5 – Breathe
We don’t hear enough about the benefits of deep breathing.
When I was in the hospital bedridden and trying to keep my first child in as long as possible, a nurse told me to take 5 or 6 deep breaths, slowly in through the nose, slowly out through the mouth, each hour.
She remarked that we “forget to breathe.”
We do. We kind of hold our breath or shallow-breathe and don’t really deeply breathe in and out much.
She wanted me to do this to stave off hospital-acquired pneumonia.
Great idea, since as I well knew from working in the hospital, that’s an actual thing, and it’s pretty common.
Breathing this way, each hour if you can remember, also brings oxygen to our brains, which also makes us more alert. And have some energy.
Oh, and remember number 4 – exercise? (How could you forget, right?) There should be some deep-breathing involved there. Wonder if there could be a tie-in here? Hmmm…
6 – Lower your sugar intake
This may be the hardest one to consistently keep up with. Lowering our sugar intake.
There is a movie on Amazon Prime Video called Fed Up (paid link). It’s all about this topic.
They note in the movie how there isn’t a daily allowance for sugar grams on labels and how Americans have no idea how much sugar we consume, NOR do we know what’s a good amount to stay below.
I dare you.
Read your labels for added sugar (not natural sugar from fruit).
Can you consistently stay below 50 grams a day (to start off with)? How about 25 grams a day?
Goals to aim for.
I did this (the 50-gram a day or less challenge) for 6 months and lost 30 lb doing it.
I definitely had more energy and could walk farther for longer.
Much more spring in my step.
It did take about 3 days for my body to stop craving it and feeling hungry, and I supplemented hunger and cravings with extra nuts/healthy fats, and extra water.
YOU CAN, TOO.
And you will feel fantastic doing it.
7 – Back away from the TV/Electronics
I get it.
Binging your favorite shows on TV or Netflix can be fun sometimes.
But have you noticed that it literally sucks your energy dry to do that for hours and hours? It does.
We’re probably shallow-breathing the whole time, too.
Make a goal – set a timer.
Only watch for a certain amount of time, or scroll your social media for just a little bit, like 30 to 45 minutes.
It’s so easy to go down a rabbit hole on social media and before you know it, 2 hours have gone by and you feel drained, and possibly stressed because you didn’t get some stuff done you needed/meant to.
8 – Volunteer your time
Oh, but wait. “I’m an introvert,” you say.
Not so fast. So am I.
Volunteering is not just for extroverts.
There are so many opportunities and places that need help which are perfect for introverts. (And extroverts, too.) Places where you don’t have to be around many people, or you can be around lots of them.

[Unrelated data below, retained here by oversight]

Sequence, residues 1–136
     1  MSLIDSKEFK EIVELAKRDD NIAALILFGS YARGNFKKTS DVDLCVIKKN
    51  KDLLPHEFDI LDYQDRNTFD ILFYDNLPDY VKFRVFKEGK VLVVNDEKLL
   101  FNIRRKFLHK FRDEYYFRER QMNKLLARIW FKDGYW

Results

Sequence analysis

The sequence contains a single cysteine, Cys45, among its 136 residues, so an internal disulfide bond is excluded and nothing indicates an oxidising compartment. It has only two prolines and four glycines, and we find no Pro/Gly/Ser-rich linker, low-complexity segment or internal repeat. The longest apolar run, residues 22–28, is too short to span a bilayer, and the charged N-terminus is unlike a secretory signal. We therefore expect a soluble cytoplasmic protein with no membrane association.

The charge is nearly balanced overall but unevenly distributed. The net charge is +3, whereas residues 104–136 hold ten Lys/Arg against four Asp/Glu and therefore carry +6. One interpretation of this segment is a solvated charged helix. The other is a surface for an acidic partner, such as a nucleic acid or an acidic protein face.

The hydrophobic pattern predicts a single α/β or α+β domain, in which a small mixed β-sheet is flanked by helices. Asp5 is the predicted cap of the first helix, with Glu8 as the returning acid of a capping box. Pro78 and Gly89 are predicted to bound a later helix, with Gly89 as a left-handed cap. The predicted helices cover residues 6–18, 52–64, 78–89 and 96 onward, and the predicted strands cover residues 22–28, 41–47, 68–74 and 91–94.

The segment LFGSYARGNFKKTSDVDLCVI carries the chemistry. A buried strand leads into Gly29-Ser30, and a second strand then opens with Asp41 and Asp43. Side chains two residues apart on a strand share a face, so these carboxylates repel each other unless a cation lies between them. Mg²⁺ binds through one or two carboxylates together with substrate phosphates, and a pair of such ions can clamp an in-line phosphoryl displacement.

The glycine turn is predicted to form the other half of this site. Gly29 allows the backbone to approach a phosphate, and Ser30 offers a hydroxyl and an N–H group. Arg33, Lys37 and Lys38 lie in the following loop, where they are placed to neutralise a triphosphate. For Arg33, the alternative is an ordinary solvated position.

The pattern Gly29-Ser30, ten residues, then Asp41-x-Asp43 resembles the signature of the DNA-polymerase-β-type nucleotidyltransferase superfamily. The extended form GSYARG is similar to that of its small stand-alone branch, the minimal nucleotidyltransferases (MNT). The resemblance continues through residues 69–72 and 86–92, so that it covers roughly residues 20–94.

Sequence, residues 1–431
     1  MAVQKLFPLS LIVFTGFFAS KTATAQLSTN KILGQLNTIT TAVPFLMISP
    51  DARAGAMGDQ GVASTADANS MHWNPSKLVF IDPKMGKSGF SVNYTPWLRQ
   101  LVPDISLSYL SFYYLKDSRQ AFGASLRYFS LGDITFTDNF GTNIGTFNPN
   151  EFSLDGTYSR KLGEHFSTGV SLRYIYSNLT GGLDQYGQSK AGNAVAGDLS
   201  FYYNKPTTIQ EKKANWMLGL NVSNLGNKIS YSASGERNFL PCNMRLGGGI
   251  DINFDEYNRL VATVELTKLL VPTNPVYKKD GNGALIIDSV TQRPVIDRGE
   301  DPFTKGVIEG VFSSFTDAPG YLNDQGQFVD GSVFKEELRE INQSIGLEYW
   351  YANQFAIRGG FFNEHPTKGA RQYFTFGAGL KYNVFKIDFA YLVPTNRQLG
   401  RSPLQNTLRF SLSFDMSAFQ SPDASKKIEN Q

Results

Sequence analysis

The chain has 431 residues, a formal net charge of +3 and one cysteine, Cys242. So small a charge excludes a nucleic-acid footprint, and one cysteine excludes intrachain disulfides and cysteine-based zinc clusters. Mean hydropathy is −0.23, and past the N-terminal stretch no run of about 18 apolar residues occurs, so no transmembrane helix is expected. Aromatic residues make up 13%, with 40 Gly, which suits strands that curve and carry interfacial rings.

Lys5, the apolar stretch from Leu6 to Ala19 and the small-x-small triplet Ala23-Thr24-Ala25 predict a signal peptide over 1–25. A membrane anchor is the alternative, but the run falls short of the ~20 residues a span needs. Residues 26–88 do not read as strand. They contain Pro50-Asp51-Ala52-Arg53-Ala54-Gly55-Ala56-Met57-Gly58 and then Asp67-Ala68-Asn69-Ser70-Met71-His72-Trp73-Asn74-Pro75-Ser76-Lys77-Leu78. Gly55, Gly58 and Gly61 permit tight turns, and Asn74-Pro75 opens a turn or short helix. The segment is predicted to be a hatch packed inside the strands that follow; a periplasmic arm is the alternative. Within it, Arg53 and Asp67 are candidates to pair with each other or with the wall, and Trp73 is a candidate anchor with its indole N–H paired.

The animal shelter or humane society.
Your child’s school.
Signing up to sponsor a child with Compassion triggers emails from them for volunteers needed at upcoming events and concerts.
Your church, I’m sure, has plenty of room for volunteers.
The local homeless shelter or food bank.
Just to name a few.
You don’t have to volunteer a full day at a time unless you can and want to.
Just a couple of hours a week or a month.
It’s all based on your schedule and availability.
But giving of your time will bring you energy. Helping others gives us energy.
That being said, don’t get yourself into a situation where you feel obligated and then it becomes a chore that sucks you dry.
Give with the right heart, and you will receive back more than you imagined.
Guard your time. Say ‘No’ more than you think you should (paid link).
Do give in this way only as much as you feel led to.
Not under some unspoken obligation where you may become resentful and possibly damage your relationships with others.
Don’t forget to make your availability clear up front.
If it happens to change along the way, don’t be afraid to let them know that you have to make changes.
9 – Declutter Your Space
We Americans have too much stuff.
It closes in on us, and if we’re not careful, we will need to either buy a bigger house or rent a storage space to house it all. This will cost us more money and increase our stress levels.
Why would we do that when we can schedule time to declutter and just do it regularly?
Having more space around you gives a subconscious signal to your brain and body that it can relax and breathe.
Too much stuff around us weighs us down emotionally and sucks our energy from us.
Please let us know in the comments if you’ve tried any of these and how they have helped you.
Every little testimonial from others is an encouragement to help your fellow humans on their journey through this life.
I’m rooting for you and can’t wait to hear of your successes!